The second pillar: Framework for descriptive analysis of health financing systems and reforms

2 nd pilar

Revenue collection. The link between revenue collection and the population reflects the fact that the population is the source of all funds (apart from funds received from other countries or external aid agencies). The reverse link, labelled “entitlement?” signifies that in some systems, entitlement to benefits depends on the contributions made by or on behalf of individuals, whereas in others, entitlement is a condition of citizenship or residence. The presence or absence of this contribution–entitlement link is the one important conceptual distinction between the Bismarck and Beveridge models of health financing.

Pooling. In its most generic sense, pooling of funds refers to the accumulation of pre-paid revenues on behalf of a population. The position of pooling between collection and purchasing – suggests the importance of understanding the relationships (particularly the allocation mechanisms) between these sub-functions. This implies the need to analyse the horizontal market structure of pooling (for example, single or multiple, choice of pool, territorially distinct or overlapping, and so on) in a particular country, as well as whether or not pooling agencies are vertically integrated with (or separate from) agencies responsible for revenue collection and purchasing .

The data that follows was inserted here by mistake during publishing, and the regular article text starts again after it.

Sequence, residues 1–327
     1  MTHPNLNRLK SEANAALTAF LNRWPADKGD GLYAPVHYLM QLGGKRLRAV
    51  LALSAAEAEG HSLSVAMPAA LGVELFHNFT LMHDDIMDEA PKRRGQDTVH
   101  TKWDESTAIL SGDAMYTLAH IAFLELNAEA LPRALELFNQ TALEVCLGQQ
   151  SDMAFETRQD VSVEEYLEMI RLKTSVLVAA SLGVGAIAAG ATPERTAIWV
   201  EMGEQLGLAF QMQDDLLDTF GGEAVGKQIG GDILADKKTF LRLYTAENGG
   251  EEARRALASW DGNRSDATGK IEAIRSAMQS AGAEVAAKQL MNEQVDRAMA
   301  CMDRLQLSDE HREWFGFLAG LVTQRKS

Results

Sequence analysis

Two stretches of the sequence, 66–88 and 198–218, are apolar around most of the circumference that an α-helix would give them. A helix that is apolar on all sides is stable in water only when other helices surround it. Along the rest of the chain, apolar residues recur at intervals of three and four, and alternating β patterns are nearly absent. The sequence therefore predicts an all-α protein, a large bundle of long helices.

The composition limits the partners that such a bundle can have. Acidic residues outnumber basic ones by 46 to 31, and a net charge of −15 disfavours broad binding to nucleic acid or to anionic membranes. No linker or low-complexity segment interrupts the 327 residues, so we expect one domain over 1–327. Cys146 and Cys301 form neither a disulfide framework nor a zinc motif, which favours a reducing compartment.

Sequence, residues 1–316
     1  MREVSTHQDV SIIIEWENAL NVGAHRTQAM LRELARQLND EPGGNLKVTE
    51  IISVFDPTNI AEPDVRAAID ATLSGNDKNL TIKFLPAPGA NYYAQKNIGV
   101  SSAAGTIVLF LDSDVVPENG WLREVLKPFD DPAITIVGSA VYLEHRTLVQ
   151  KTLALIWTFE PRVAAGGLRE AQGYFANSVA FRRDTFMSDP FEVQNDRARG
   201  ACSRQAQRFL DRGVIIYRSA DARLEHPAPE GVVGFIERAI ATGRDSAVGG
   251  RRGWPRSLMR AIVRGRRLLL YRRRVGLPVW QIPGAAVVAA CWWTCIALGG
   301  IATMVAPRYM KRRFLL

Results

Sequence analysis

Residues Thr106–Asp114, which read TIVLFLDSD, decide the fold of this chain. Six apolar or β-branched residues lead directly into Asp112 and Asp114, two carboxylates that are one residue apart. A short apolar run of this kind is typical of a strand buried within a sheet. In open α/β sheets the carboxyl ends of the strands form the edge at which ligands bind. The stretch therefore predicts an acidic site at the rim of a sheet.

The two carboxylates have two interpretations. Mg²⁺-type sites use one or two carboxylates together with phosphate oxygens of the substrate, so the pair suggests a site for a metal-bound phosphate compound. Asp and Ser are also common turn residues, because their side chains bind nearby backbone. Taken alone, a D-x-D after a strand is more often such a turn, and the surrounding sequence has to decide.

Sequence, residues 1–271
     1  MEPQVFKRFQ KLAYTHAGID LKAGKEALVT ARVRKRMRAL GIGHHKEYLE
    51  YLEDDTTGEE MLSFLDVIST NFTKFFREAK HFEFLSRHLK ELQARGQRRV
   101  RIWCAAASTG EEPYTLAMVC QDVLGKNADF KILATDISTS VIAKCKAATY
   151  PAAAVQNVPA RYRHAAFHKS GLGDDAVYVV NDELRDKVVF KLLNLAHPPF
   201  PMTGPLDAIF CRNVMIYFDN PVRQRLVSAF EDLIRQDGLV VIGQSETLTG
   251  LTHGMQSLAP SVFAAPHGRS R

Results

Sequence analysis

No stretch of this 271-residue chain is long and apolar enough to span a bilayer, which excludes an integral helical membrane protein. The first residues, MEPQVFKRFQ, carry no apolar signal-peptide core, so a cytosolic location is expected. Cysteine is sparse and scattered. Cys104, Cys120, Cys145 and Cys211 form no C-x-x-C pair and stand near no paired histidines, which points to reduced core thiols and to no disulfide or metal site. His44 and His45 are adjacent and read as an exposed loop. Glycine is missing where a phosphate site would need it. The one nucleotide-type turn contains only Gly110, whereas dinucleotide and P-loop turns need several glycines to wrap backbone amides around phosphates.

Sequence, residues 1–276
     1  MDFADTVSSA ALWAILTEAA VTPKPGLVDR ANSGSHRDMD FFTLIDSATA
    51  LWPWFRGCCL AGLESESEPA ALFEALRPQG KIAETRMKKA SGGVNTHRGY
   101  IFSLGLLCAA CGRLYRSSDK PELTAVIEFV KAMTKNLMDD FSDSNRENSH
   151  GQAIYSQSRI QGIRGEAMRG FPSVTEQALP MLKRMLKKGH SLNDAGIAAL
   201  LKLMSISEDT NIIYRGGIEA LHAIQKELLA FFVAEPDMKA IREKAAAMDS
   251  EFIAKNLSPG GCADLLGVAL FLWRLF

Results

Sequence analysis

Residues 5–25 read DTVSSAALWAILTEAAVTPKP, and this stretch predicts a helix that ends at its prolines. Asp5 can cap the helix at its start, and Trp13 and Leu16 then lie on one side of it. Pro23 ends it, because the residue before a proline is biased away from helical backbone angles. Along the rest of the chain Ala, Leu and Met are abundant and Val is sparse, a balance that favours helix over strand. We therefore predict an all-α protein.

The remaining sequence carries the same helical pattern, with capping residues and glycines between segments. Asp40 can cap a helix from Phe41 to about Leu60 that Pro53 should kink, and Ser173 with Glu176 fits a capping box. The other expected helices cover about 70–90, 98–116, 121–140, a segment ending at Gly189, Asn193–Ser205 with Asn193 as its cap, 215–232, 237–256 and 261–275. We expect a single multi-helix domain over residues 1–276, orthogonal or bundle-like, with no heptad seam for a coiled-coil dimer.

Purchasing is a generic term that refers to the transfer of pooled funds to providers on behalf of a population. Purchasing enables coverage to be provided for individuals. In other words, funds are pooled and services purchased on behalf of some or all of the population. Key issues in purchasing relate to the agencies that implement this sub-function, the market structure of purchasing and the mechanisms used to purchase. Agencies and market structure issues are very similar to those relating to pooling, given the usual situation in which both sub-functions are implemented by the same agency. Much attention has been given to the need to move from passive purchasing to active or strategic purchasing, which at a minimum requires linking at least some of the provider allocation to information regarding their performance or the health needs of the population. Hence, changing the contents and role of information systems has been integral to the process of implementing purchasing reforms throughout the region. Specific mechanisms involve changes in the way in which providers are contracted and paid in order to change incentives to improve the quality and efficiency of service delivery. There may be retrospective administrative procedures associated with this, to check on the quality and appropriateness of care, or at a minimum to detect fraudulent reporting (Figueras, Robinson and Jakubowski 2005)

cover implementing hfrImplementing Health Financing Reform

 

 

presentation icon  Blended Advocacy - Monitoring dan Evaluasi Program Jaminan Kesehatan Nasional Tahun 2015 (Individu)

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